Why is there a sonic boom when something breaks the sound barrier?



  1. 0 Votes

    This is a really good question. As any object travels through the atmosphere, it produces air pressure waves (just like a boat travelling through the ocean produces waves). When the speed of the object surpasses the speed of sound, these air pressure waves coalesce, forming a shock wave which “travels forward from the generation or ‘release point'”.  If the object maintains supersonic speeds, it is constantly releasing these shock waves. The sonic boom which we hear is therefore the sound of the building up and releasing of the pressure these shock waves create, known as the “peak overpressure”.

    For a video explanation of the same, see here:

  2. 0 Votes

    A very common analogy is that of boats creating wakes. When a boat moves slowly, the water makes waves in front of the boat that the boat flows through, but when the boat goes faster than the waves, it creates a V shape in the water with the point of the V at the nose of a boat, called a wake. In the air, sound moves in waves ahead of the plane, but when the plane goes faster than sound (about 700mph), the sound waves build up and combine, creating the sonic boom you can see and hear. Just like being on the lake after a boat goes by and the wake reaches a previously calm shore.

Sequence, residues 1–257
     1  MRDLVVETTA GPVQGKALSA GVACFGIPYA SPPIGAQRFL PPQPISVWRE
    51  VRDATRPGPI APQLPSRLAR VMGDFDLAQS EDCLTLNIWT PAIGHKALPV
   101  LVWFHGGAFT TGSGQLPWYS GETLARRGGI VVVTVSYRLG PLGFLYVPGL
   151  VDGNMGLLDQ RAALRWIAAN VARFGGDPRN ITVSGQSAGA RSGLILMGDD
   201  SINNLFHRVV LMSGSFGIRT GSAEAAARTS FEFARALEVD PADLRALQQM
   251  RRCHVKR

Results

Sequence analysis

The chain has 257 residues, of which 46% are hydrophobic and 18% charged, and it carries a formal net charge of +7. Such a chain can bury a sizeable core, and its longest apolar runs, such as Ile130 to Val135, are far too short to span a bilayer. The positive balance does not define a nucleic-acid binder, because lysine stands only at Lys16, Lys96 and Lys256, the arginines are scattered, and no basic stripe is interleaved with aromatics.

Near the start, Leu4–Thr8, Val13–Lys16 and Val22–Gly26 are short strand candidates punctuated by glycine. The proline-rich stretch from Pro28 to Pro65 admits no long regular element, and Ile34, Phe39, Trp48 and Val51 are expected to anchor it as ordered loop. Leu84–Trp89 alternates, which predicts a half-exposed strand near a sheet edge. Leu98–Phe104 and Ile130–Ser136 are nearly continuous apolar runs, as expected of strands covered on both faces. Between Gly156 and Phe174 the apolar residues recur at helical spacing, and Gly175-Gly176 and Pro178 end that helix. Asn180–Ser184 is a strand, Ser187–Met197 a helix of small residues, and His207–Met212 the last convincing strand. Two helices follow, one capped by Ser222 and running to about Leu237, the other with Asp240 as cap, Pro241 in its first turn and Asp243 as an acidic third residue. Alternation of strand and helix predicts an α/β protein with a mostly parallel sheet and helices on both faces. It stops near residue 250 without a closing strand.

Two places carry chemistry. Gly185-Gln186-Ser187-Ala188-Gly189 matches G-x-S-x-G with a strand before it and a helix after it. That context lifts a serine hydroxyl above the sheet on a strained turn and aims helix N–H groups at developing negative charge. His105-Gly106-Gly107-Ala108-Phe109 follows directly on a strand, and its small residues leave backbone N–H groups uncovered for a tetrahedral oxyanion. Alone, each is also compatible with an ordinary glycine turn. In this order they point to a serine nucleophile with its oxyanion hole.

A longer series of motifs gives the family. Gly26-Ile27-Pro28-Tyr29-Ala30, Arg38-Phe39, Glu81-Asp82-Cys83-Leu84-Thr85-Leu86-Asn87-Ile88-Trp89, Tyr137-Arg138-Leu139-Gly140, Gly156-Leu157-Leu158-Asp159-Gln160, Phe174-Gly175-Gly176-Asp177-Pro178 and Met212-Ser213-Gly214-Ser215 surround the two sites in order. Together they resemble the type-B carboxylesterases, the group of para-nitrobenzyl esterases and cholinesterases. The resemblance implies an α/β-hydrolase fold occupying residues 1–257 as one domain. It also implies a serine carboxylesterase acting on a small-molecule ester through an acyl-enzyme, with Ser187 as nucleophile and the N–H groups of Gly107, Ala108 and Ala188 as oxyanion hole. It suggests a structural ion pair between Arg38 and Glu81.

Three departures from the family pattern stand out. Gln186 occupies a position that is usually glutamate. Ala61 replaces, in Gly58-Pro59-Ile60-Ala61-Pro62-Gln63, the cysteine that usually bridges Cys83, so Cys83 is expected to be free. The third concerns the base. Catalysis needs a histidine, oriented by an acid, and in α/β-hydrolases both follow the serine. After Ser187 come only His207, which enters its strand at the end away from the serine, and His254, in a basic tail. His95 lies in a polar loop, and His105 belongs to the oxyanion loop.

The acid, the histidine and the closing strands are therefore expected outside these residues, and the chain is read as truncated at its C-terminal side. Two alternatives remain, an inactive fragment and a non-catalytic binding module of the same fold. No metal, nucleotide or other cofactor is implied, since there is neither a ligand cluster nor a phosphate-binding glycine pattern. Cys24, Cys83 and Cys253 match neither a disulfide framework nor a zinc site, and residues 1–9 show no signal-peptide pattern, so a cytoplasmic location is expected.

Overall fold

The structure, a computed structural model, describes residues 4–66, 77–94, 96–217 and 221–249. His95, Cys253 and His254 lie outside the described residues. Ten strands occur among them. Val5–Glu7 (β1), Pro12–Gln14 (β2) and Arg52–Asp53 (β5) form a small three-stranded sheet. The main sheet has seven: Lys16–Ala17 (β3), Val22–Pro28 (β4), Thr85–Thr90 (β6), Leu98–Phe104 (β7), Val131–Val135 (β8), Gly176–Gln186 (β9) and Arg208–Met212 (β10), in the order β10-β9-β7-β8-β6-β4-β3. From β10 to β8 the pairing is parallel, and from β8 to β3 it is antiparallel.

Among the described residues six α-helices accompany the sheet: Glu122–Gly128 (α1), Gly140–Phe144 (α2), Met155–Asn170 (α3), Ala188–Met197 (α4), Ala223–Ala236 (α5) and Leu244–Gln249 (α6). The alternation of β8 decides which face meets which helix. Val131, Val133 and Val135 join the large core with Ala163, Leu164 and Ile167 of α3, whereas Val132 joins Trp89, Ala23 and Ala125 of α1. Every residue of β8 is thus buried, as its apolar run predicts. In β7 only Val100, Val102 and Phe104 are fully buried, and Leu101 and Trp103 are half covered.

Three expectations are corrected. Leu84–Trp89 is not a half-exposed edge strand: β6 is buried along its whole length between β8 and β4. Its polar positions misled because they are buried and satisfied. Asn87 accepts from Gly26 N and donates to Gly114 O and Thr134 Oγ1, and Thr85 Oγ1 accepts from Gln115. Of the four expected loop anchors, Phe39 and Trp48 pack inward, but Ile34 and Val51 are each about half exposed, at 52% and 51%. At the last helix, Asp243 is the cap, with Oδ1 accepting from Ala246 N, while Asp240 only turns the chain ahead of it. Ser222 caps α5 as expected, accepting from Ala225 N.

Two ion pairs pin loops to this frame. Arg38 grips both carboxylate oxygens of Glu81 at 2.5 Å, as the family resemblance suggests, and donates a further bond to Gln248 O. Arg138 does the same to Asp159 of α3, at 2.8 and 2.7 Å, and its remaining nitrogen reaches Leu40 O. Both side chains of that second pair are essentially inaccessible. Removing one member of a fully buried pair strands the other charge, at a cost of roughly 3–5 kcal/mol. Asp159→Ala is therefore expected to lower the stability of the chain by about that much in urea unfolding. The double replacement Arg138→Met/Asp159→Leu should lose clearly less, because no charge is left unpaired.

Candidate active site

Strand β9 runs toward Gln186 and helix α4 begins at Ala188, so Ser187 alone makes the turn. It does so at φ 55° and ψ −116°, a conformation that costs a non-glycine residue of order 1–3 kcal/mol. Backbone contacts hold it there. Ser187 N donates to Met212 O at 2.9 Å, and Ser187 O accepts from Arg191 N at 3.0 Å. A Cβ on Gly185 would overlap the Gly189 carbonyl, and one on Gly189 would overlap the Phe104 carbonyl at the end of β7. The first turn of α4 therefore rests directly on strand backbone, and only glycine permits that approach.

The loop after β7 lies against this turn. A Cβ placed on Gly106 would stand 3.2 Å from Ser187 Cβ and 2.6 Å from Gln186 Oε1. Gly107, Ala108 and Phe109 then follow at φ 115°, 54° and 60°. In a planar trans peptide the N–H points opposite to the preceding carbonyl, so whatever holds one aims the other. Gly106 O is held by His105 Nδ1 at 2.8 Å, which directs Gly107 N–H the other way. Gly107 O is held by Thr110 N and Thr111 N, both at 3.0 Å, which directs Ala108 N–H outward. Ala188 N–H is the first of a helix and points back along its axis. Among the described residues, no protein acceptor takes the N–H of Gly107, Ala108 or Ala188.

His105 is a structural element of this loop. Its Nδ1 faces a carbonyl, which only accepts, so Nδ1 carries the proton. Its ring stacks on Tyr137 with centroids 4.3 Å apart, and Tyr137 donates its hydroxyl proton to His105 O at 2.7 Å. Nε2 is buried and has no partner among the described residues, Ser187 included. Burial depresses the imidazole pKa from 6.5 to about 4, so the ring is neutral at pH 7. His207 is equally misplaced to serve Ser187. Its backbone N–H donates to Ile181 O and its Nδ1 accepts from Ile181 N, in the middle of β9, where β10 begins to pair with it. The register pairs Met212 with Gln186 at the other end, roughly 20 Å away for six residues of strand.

3. 0 Votes

    A sonic boom is in many ways comparable to the wake on a boat.  Just as a boat creates a wake of waves, with a larger wake occurring with a faster boat, so too does a plane create a wake of sound when it flies past.  When the plane flies faster than the speed of sound, the sound waves produced travel slower than the plane, and therefore become more concentrated of a wake.  The resulting compound of sound waves creates a sonic boom, which is basically just a bunch of sound waves that are very close together, and occur suddenly (in your perception).

  4. 0 Votes

    The “sonic boom” noise is essentially the product of extreme air pressure around the air craft, bullet, etc in question. As an object moves through air, it creates sound waves (vibrating air) in front and behind it, much like the way water is disturbed around a moving boat. At mach 1 (the sound barrier, or speed of sound) these waves become so tightly packed that they create one “super wave” that emits the defining “sonic boom” sound.

    You could think of it like the 5 rings from the “Captain Planet” cartoon. When the power all five rings (earth, wind, fire, water, and heart) were combined, they released the power of Captain Planet. The sound waves moving around a super sonic airplane combine in an analogous way to create one “super sound” that is much louder than the individual waves would be separately.

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